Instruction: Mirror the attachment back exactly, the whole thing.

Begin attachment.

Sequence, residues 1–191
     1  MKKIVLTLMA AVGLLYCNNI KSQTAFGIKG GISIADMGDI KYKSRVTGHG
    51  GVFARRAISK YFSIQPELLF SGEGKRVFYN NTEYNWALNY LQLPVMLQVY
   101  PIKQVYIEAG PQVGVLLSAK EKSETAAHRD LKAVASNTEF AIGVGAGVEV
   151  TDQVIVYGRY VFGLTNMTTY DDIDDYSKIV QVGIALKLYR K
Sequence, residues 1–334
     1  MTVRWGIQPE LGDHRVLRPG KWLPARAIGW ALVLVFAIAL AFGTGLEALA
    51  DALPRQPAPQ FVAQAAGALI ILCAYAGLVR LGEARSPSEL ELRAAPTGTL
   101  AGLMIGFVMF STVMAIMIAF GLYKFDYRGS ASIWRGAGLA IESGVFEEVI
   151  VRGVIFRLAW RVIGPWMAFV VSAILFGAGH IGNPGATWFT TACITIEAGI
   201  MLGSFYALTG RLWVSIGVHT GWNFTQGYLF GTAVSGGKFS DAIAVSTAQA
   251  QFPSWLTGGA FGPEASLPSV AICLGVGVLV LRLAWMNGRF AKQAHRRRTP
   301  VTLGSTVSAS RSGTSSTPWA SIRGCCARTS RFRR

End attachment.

Sequence, residues 1–191
     1  MKKIVLTLMA AVGLLYCNNI KSQTAFGIKG GISIADMGDI KYKSRVTGHG
    51  GVFARRAISK YFSIQPELLF SGEGKRVFYN NTEYNWALNY LQLPVMLQVY
   101  PIKQVYIEAG PQVGVLLSAK EKSETAAHRD LKAVASNTEF AIGVGAGVEV
   151  TDQVIVYGRY VFGLTNMTTY DDIDDYSKIV QVGIALKLYR K
Sequence, residues 1–334
     1  MTVRWGIQPE LGDHRVLRPG KWLPARAIGW ALVLVFAIAL AFGTGLEALA
    51  DALPRQPAPQ FVAQAAGALI ILCAYAGLVR LGEARSPSEL ELRAAPTGTL
   101  AGLMIGFVMF STVMAIMIAF GLYKFDYRGS ASIWRGAGLA IESGVFEEVI
   151  VRGVIFRLAW RVIGPWMAFV VSAILFGAGH IGNPGATWFT TACITIEAGI
   201  MLGSFYALTG RLWVSIGVHT GWNFTQGYLF GTAVSGGKFS DAIAVSTAQA
   251  QFPSWLTGGA FGPEASLPSV AICLGVGVLV LRLAWMNGRF AKQAHRRRTP
   301  VTLGSTVSAS RSGTSSTPWA SIRGCCARTS RFRR